Microscopic organisms turn Istanbul shores turquoise

Cesar Mills
June 15, 2017

The Bosphorus Strait, which divides the continents of Europe and Asia, has undergone a sudden change of color in Istanbul, Turkey, transforming its waters from a deep blue to a stunning turquoise. Some feared of a pollution spill, while others suggested an quake rocking the Aegean region last Monday, June 12.

The effect was so startling that even Nasa tweeted a photo of the Black Sea.

Scientists were quick to downplay the seeming mystery of color change that went with a sharp smell of water.

But this week, the famous waters turned bright turquoise, after a surge in the Emiliania huxleyi (or Ehux) plankton in the Black Sea.

Children jump into the Bosphorus Strait on Wednesday.

"This has nothing to do with pollution", he said, and added that the organism is good for anchovies, popular fare in Istanbul.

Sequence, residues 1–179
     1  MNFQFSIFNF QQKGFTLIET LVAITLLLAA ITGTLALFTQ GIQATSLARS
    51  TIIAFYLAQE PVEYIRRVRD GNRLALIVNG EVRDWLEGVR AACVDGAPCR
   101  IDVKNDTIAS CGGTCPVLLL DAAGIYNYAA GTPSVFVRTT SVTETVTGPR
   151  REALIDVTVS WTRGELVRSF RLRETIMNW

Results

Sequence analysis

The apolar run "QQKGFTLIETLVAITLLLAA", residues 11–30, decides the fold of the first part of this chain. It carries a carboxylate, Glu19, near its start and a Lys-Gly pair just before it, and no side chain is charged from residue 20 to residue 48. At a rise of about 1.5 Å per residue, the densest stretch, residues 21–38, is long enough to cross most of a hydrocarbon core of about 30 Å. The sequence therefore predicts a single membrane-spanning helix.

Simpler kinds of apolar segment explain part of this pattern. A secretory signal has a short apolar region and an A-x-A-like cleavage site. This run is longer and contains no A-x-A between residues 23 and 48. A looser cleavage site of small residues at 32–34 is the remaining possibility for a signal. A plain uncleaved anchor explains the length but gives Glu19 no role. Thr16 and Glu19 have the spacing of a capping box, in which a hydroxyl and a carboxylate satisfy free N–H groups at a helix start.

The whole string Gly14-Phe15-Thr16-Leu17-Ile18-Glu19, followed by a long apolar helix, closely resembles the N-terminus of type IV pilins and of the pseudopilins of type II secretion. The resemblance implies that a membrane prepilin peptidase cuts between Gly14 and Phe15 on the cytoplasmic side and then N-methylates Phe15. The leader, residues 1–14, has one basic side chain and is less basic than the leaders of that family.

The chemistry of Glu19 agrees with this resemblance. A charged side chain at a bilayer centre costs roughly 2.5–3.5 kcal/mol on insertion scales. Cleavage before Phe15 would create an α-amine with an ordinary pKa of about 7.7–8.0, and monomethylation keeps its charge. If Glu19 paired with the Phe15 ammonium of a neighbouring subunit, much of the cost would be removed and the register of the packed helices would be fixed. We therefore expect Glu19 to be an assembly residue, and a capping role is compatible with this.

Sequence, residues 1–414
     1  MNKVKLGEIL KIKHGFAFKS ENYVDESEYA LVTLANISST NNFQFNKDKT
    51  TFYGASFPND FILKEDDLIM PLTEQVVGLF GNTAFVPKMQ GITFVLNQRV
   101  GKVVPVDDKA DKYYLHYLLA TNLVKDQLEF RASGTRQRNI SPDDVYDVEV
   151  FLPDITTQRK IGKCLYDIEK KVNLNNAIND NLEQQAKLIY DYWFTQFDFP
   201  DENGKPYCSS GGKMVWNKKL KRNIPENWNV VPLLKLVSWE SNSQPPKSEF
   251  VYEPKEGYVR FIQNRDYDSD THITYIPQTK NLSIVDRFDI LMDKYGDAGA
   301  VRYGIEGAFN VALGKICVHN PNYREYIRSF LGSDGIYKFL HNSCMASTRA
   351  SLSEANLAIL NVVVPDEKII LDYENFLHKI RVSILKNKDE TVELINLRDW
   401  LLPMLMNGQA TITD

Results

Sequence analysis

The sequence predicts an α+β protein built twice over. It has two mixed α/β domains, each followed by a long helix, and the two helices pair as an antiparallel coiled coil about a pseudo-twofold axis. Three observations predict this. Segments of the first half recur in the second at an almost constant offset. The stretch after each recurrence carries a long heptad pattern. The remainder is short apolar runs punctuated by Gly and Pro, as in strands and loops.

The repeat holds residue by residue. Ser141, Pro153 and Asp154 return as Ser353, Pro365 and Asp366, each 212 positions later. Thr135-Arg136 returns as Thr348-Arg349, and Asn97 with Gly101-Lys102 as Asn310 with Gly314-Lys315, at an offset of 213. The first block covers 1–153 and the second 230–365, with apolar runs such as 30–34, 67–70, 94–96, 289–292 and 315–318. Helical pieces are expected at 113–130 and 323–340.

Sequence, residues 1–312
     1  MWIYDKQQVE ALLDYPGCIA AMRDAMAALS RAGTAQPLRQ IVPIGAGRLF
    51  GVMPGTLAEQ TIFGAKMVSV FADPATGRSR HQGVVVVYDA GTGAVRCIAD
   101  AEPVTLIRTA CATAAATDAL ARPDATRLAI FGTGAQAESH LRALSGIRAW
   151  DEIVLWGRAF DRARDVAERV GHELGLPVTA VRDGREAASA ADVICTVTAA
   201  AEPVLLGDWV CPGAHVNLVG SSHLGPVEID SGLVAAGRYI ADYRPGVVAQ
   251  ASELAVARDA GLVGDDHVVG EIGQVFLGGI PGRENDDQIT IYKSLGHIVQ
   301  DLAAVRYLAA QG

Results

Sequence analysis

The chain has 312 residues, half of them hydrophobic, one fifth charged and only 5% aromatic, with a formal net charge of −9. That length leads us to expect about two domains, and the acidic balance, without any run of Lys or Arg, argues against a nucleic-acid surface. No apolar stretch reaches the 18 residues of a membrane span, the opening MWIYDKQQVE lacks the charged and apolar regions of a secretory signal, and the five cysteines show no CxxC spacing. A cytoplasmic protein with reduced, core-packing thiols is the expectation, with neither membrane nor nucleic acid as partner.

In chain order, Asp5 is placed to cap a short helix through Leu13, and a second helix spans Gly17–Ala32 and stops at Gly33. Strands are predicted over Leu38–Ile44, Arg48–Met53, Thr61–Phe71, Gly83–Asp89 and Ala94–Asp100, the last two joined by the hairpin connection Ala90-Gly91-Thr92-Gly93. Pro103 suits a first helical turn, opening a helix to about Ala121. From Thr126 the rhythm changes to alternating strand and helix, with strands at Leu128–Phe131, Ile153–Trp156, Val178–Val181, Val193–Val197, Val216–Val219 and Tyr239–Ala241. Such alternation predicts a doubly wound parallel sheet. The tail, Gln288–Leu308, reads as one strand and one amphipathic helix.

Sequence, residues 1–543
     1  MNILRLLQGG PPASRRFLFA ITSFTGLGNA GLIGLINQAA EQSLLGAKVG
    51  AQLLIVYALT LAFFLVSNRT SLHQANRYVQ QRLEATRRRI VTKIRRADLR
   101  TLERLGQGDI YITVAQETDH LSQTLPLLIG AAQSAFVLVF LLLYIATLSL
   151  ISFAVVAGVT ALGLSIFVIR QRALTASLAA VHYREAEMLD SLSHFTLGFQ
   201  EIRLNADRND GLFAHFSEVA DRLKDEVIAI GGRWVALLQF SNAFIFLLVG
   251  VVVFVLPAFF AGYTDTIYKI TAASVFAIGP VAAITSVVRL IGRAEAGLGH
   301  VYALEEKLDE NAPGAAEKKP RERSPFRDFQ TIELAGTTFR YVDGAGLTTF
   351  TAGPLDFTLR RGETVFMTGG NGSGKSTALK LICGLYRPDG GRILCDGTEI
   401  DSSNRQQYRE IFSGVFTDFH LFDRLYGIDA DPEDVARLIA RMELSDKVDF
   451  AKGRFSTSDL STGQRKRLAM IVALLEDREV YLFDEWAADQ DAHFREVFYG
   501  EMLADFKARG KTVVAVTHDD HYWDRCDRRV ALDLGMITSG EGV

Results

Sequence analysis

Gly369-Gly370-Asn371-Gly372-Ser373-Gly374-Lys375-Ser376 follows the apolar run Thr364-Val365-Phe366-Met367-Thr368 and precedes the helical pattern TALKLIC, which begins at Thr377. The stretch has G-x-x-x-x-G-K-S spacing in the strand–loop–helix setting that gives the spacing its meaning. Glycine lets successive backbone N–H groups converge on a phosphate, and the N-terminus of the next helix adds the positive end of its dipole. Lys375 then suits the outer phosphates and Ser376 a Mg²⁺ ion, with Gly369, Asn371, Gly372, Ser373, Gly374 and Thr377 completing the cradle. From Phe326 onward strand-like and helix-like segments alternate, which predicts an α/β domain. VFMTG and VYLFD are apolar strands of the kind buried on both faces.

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Why The Milky Turquoise Waters?

Phytoplankton are microscopic organisms that live in watery environments - and they make their own food, using sunlight and dissolved nutrients. They generally support fish, shellfish, along with other marine creatures.

Rivers Danube and Dnieper, which carry nutrients to Black Sea, are shown in the image. But large, frequent blooms can lead to eutrophication-the loss of oxygen from the water-and end up suffocating marine life.

Nasa said the milky colouration is "likely due to the growth of a particular phytoplankton called a coccolithophore". The first is coccolithophores, which is microscopic and plated with white calcium carbonate.

Last year, New Jersey beachgoers were surprised by the view of aquamarine waters when they were typically grayish along the shore.

According to NASA, this year's phytoplankton bloom is found to be one of the brightest that caught Kuring's attention since 2012. On its website, it describes the phytoplankton "bloom" as an annual occurrence. There is a humungous erosion of area covered under sea ice, and sea ice is heavily thinning today.

Other reports by GizPress

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